|Solar, Earth Atmospheric and Climate Gallery RBSP Science Overview NEW Sept. 05, 2012 The Radiation Belt Storm Probe mission (RBSP) will explore the Van Allen Radiation Belts in the Earth's magnetosphere. The charge particles in these regions can be hazardous to both spacecraft and astronauts. Project Scientist David Sibeck explains the how the mission will explore space weather -- changes in Earth's space environment caused by the sun -- that can disable satellites, create power grid failures and disrupt GPS service.|
|Solar, Earth Atmospheric and Climate Gallery GPM Applications NEW Sept. 04, 2012 Water is fundamental to life on Earth. Knowing where and how much rain and snow falls globally is vital to understanding how weather and climate impact both our environment and Earth’s water and energy cycles, including effects on agriculture, fresh water availability, and responses to natural disasters. Since rainfall and snowfall vary greatly from place to place and over time, satellites can provide more uniform observations of rain and snow around the globe than ground instruments, especially in areas where surface. . .|
|Solar, Earth Atmospheric and Climate Gallery Birth of a Space Laser Instrument NEW Sept. 04, 2012 A new C02 laser, which will globally measure carbon dioxide from space, is due to be launched in 2023 on the ASCENDS mission. One of the exciting things about this project is that you can actually watch trees eat and breathe. Of course, trees are breathing all the time, but they are only eating, meaning, performing photosynthesis when the sun is out. The main science is to measure how much carbon dioxide there is in the atmosphere at this particular time on the Earth, how much is there total and where is it located.|
|Solar, Earth Atmospheric and Climate Gallery The Ocean NEW Aug. 31, 2012 The Ocean is essential to life on Earth. Most of Earth’s water is stored in the ocean. Although 40 percent of Earth’s population lives within, or near coastal regions- the ocean impacts people everywhere. Without the ocean, our planet would be uninhabitable. This animation helps to convey the importance of Earth’s oceanic processes as one component of Earth’s interrelated systems|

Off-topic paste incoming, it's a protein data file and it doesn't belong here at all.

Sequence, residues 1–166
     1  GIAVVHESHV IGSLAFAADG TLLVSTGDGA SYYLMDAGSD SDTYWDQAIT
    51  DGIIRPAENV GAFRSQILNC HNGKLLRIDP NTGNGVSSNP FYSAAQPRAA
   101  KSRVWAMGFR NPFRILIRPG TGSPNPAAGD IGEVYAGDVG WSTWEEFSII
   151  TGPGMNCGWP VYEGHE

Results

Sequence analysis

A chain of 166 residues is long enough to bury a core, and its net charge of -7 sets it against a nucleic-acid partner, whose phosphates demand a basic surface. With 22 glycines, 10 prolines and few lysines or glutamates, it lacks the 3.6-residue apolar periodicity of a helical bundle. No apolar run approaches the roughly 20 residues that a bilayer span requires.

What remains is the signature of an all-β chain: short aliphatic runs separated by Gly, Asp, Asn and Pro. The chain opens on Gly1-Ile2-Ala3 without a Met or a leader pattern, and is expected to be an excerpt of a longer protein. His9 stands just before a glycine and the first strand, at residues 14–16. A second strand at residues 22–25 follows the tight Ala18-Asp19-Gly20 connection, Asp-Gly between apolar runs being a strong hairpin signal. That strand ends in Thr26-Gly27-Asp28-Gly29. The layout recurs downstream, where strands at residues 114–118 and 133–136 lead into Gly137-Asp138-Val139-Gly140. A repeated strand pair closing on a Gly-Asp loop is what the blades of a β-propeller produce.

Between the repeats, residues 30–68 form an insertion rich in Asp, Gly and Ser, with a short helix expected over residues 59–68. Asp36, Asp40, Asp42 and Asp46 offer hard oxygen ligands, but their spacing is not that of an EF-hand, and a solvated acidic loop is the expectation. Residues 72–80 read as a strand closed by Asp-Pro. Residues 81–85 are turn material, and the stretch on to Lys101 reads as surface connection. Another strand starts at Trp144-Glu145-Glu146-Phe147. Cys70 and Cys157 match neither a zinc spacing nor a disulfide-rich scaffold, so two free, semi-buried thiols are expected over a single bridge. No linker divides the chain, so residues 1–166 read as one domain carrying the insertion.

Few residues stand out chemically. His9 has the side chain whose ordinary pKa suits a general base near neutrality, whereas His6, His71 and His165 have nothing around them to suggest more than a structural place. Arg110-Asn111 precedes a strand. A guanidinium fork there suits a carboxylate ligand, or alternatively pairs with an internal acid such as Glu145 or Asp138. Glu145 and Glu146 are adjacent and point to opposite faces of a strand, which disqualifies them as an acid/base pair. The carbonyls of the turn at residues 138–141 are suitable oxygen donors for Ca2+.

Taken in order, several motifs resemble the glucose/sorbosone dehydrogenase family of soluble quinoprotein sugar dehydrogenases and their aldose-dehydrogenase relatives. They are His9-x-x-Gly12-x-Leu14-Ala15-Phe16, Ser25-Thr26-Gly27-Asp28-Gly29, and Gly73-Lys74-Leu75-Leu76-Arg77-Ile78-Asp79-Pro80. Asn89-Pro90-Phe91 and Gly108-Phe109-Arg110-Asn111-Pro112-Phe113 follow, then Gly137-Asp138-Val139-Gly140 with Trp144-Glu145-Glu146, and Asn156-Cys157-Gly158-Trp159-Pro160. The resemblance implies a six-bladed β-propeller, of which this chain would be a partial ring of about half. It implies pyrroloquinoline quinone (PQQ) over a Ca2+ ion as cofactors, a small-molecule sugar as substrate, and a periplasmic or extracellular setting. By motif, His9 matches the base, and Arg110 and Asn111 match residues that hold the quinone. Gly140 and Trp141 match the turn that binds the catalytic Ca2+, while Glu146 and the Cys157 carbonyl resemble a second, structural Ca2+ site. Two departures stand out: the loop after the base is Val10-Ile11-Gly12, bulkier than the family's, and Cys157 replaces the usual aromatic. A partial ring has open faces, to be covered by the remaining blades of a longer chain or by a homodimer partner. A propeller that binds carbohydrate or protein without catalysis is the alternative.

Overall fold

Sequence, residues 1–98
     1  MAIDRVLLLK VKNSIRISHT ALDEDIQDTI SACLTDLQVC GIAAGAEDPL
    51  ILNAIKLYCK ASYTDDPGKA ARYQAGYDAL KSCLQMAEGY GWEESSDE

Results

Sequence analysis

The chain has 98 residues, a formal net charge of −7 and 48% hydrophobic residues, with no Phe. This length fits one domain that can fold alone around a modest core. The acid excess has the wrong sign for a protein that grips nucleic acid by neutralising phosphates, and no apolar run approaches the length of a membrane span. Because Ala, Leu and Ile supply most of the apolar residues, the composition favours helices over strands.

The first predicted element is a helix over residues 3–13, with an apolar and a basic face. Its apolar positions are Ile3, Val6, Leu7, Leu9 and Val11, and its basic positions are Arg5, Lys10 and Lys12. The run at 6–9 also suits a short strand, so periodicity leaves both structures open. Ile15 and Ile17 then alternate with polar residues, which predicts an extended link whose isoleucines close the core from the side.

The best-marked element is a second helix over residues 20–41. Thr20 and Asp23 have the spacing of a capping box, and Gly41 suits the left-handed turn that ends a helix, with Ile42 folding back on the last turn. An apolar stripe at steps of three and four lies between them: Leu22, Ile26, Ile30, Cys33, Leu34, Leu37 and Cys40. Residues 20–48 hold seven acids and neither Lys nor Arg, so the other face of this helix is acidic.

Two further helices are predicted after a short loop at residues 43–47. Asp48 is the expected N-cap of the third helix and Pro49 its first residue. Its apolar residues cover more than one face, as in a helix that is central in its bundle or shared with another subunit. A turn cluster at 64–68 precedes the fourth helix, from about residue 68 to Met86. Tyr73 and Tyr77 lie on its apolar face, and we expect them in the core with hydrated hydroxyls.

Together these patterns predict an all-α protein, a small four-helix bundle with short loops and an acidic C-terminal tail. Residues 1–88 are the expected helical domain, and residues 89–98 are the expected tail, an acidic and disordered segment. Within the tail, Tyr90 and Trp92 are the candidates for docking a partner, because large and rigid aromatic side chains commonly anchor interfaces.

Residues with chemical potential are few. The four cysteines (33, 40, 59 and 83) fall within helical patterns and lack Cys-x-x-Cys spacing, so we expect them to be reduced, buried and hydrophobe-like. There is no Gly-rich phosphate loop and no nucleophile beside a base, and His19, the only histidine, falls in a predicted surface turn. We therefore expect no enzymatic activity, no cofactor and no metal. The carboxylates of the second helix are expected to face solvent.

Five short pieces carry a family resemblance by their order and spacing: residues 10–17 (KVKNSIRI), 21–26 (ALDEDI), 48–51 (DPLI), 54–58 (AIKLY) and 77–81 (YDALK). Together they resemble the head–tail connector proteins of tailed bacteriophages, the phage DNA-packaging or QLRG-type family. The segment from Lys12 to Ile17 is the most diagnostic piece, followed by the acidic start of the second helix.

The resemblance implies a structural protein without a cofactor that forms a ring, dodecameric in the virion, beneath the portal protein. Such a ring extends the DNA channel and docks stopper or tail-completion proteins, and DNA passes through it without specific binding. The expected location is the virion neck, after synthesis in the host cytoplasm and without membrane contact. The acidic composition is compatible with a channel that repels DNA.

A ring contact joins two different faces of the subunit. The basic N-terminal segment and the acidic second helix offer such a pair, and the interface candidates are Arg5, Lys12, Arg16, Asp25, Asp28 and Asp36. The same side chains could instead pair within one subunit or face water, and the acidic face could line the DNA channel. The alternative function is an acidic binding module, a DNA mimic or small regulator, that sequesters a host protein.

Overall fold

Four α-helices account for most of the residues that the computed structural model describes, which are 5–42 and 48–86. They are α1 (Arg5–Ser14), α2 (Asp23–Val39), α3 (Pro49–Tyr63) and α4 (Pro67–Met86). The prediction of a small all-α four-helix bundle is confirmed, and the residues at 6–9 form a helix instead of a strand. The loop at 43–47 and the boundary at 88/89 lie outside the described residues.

|Latest in Space Weather News Center|
World Is Black and White
A short video about the DaisyWorld model and its implications for real world earth science
Jan. 13, 2012
The number of sunspots increases and decreases over time in a regular, approximately 11-year cycle, called the sunspot cycle. The exact length of the cycle can vary. It has been as short as eight years and as long as fourteen, but the number of sunspots always increases over time, and then returns to low again.
A Guide to Solar Flares
Jan. 11, 2012
Flares happen when the powerful magnetic fields in and around the sun reconnect. They're usually associated with active regions, often seen as sun spots, where the magnetic fields are strongest. Flares are classified according to their strength. The smallest ones are B-class, followed by C, M and X, the largest.
Truth About 2012
Jan. 10, 2012
Heliophysicist Alex Young explains why we won't need to worry about killer solar storms.
|Next Celestial Event|
|Celestial Events Regulus NEW Jan 01, 2013 MAP Regulus, the bright heart of Leo, perches directly above the Moon at first light.|
|Featured Web Site|
|NCAR NEW Jan. 18-25, 2012 The National Center for Atmospheric Research (NCAR) is a federally funded research and development center devoted to service, research and education in the atmospheric and related sciences.|
|Piracy Act NEW Dec. 31, 2011 The Internet Society Board of Trustees has expressed concern with a number of U.S. legislative proposals that would mandate DNS blocking and filtering by ISPs to protect the interests of copyright holders.|